Thursday, August 14, 2008

Question from Faith - Best likenesses of Anne Boleyn and Elizabeth I

What do you think is the nearest likeness we have today of Elizabeth I and Anne Boleyn?

I have heard that one good candidate for the best likeness of Elizabeth is the Sieve Portrait which hangs in the Board Room at the Folger Shakespeare Library -- would you agree?

Thank you!



Elizabeth M. said...

My personal favorite of Elizabeth I is the one of her as a young woman of about 13-14, with her stylish light red dress and matching French hood. NO frills or heavy white make-up and wigs. She is just a natural, pretty young girl, and she looks a bit vulnerable in this picture. Her oval face and dark eyes reflect descriptions of her mother.
My favorite portrait of Anne Boleyn is the Hoskins miniature in the collection of the Duke of Buccleuch and Queensberry. It just seems to bring together all the descriptions of Anne--save for the hair being auburn. The oval face, the intense dark eyes, the simple yet elegant black dress and matching French hood. She looks more like a flesh and blood woman than in the NPG picture, which to me has an amateurish harshness about it. The Hoskins to me has more of a personality coming through--she definitely has an air about her. It was said she was well aware of her sexuality, and I think that comes through in this picture, which you can view on this website in the Tudor gallery of Anne Boleyn pictures.

Anonymous said...

Elizabeth M, do you mean the portrait attributed to William Scrots that is now in the Royal Collection? (

If so, I have to agree with you. Too many of her later portraits were too carefully calculated to convey a specific pre-determined image and never intended to be faithful likenesses, inckluding the Sieve portrait. The Scrots portrait, because it was done when she was little more than a distant and very unlikely heiress to the throne, seems the least affected image of her.

Anonymous said...

Eric Ives addresses the question of the most likely representation of Anne Boleyn in his book: The Life and Death of Anne Boleyn.

He surmises that the coin and likeness created from it, are the most accurate likeness of Queen Anne. If you haven't yet read the book, I highly recommend it! It's an amazing book. And very readable.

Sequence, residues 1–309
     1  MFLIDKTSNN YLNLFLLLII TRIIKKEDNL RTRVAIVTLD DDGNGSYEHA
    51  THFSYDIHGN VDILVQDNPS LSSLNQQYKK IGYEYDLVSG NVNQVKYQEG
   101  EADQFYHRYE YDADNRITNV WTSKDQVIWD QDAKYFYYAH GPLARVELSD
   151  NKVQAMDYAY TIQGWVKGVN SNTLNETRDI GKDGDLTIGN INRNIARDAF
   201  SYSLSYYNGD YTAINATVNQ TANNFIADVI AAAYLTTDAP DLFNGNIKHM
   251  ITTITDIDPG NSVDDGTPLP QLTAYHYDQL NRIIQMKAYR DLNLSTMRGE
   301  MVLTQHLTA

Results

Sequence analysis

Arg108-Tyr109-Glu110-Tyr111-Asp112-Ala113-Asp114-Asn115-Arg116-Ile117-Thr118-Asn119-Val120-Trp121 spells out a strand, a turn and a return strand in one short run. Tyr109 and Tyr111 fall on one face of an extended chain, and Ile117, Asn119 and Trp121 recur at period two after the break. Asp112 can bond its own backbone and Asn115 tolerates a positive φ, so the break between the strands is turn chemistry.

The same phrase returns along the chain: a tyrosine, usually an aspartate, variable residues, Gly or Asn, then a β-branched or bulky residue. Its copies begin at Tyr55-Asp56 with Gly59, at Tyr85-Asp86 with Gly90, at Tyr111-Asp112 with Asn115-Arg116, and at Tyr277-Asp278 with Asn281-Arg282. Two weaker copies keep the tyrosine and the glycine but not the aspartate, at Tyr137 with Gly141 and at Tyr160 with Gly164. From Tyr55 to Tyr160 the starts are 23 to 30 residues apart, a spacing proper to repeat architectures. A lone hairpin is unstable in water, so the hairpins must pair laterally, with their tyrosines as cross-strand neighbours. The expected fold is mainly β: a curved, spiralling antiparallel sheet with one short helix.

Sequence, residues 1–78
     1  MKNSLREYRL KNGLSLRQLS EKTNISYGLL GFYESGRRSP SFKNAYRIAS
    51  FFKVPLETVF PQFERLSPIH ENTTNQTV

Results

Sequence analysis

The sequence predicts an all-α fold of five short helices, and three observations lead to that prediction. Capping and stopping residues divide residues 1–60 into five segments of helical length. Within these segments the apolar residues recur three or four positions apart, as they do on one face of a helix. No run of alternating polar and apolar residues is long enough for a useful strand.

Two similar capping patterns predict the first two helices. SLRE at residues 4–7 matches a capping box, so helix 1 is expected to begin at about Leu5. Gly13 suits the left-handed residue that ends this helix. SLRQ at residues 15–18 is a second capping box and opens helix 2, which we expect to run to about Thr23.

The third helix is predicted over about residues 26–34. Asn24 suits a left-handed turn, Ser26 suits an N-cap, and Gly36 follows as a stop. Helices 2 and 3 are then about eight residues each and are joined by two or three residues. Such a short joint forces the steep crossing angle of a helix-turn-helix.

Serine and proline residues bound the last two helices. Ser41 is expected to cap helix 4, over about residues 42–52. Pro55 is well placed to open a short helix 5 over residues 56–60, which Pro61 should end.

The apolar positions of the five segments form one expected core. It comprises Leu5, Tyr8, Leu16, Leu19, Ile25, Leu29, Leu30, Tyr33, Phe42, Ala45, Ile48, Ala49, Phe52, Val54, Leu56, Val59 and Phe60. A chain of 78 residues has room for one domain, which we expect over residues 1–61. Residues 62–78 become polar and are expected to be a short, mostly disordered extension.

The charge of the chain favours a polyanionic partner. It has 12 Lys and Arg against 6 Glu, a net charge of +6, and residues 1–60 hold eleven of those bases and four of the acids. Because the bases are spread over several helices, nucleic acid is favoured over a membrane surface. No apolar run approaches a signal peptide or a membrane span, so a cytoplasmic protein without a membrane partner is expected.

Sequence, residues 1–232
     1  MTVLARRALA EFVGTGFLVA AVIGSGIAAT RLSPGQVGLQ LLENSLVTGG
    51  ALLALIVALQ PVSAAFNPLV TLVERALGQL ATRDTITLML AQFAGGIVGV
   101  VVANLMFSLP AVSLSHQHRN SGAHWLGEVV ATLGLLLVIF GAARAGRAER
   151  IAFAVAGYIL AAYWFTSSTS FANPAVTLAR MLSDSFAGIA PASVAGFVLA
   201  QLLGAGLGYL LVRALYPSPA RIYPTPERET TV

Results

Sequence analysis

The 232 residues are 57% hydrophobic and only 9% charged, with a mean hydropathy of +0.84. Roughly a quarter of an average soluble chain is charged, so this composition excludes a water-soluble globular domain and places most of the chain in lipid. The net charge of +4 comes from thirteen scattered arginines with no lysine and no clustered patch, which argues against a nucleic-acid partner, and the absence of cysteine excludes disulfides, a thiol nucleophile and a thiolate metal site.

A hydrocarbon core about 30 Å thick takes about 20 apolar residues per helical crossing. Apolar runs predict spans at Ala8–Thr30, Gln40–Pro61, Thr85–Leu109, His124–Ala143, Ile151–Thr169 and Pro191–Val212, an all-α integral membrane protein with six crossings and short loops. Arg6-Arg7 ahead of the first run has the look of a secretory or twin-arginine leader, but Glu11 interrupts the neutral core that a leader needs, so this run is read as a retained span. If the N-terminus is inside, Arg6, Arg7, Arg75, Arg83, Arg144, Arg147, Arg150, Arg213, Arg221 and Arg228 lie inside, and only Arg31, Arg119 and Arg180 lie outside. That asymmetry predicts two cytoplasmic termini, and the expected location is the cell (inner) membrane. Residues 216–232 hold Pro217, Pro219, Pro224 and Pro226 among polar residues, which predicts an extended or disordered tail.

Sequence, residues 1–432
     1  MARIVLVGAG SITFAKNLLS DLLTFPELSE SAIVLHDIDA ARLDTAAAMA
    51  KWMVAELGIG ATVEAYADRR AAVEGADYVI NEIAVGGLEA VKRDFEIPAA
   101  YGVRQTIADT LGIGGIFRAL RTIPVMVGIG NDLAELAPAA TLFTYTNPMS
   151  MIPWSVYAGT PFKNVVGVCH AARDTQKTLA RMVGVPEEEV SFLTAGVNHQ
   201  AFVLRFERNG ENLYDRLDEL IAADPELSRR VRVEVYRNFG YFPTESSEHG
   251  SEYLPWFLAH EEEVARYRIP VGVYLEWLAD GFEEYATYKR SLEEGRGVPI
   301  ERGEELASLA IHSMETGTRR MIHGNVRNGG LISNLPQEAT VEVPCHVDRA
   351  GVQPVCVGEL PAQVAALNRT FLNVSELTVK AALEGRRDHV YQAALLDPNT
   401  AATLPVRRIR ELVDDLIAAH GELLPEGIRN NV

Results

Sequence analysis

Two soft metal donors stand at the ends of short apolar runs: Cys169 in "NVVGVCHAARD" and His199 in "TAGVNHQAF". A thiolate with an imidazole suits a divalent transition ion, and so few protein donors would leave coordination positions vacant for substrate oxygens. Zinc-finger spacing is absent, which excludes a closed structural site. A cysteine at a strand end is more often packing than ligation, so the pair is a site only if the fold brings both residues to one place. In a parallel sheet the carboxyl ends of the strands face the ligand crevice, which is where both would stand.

Bearded Lady said...

Oh I totally agree with Elizabeth. I have always believed that the NPG portrait was painted by some hack with the painting talents of a 5 year old. What has always struck me as the most amateurish about it was the way the eyes are noticeable misaligned. The painting is on Lara’s site:

Another thing that has always struck me as odd is why the artist chose to portray Anne with two different sized eyes. The link above has two noticeable different sized eyes.

And check out this one too:

There it is again…one eye bigger than the other. It’s almost as if the artist was poking fun at the supposedly “goggle-eyed” queen.

The picture of Anne at Hever Castle is equally disturbing. Look at her fingers. It looks like she stuck them in a paper shredder. The artist made it look like she has six fingers.

Done purposely? ok I may be reading into it, but as a painter, I notice these things.

If you would like some more info on portraiture then I highly recommend Marillee Cody’s very informative site.

Anne Boleyn

Elizabeth was so careful of her image that she commissioned very few artists to paint her portrait and used those selected works as the master for all artists to copy. The wonderful thing about always copying the same painting is you never seem to age. (In the digital age, everyone is terribly guilty of this crime) So the younger portraits of Elizabeth show a far more human woman then the state portraits of an ageless queen.

Another link:

Also, Lara blogged recently about a newly discovered portrait believed to be Elizabeth (I can’t find the link?). This portrait also shows a younger and far less poker-faced queen. You can read some more info about it on my blog at

Elizabeth M. said...

Yes, I am referring to the one in the Royal Collection attributed to Scrots. I just love that picture. It is so simple yet so elegant. But to my mind, with her lovely outfit and dark eyes staring right at the painter, there is a sense about her that she knows who she is, a King's daughter. She is so young and pretty, but I can see where there is a sexuality in her. She had henry's red hair, but in her eyes and bearing, she was definitely her mother's daughter.